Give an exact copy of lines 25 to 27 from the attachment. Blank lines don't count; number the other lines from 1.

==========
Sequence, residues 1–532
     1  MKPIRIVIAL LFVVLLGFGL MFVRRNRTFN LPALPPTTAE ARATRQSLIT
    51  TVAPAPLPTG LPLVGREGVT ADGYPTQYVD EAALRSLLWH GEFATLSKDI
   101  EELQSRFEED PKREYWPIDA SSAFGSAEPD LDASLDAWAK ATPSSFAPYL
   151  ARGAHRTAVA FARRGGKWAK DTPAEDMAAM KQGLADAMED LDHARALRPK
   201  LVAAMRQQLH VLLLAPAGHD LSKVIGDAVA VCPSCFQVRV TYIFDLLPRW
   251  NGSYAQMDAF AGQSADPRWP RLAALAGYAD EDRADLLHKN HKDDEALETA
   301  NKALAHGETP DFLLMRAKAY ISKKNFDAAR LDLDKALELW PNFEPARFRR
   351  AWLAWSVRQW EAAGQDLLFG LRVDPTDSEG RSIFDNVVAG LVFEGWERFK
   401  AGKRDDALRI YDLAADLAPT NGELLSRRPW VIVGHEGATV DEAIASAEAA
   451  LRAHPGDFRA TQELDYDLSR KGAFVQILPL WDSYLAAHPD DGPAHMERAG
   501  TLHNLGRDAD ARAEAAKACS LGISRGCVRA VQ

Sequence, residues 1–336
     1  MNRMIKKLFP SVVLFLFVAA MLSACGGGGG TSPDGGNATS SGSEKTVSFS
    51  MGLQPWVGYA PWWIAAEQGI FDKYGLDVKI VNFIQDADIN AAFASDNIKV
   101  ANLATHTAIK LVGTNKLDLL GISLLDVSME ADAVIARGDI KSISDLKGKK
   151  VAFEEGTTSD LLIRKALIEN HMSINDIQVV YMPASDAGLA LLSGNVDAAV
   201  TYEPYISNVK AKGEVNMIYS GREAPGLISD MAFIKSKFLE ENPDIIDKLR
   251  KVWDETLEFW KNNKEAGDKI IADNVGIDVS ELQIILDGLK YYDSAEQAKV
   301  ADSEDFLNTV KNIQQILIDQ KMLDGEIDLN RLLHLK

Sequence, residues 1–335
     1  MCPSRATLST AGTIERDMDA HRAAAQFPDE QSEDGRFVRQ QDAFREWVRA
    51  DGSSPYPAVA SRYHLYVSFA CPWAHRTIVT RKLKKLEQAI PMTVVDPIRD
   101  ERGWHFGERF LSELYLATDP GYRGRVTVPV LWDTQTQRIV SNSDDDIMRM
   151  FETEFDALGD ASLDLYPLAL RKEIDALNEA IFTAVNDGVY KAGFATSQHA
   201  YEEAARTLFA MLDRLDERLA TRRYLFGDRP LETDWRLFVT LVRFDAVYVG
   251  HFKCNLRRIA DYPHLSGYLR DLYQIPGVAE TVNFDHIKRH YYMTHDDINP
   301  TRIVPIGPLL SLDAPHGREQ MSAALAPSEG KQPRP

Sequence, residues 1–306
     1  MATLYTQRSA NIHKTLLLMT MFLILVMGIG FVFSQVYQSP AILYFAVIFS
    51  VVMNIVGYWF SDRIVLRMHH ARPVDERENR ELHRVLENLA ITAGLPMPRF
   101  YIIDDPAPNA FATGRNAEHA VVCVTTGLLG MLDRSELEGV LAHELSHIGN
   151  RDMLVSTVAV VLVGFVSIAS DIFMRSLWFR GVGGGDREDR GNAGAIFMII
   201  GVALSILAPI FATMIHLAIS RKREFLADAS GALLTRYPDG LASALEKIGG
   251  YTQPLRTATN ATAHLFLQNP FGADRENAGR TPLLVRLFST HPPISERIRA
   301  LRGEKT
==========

   151  FETEFDALGD ASLDLYPLAL RKEIDALNEA IFTAVNDGVY KAGFATSQHA
   201  YEEAARTLFA MLDRLDERLA TRRYLFGDRP LETDWRLFVT LVRFDAVYVG
   251  HFKCNLRRIA DYPHLSGYLR DLYQIPGVAE TVNFDHIKRH YYMTHDDINP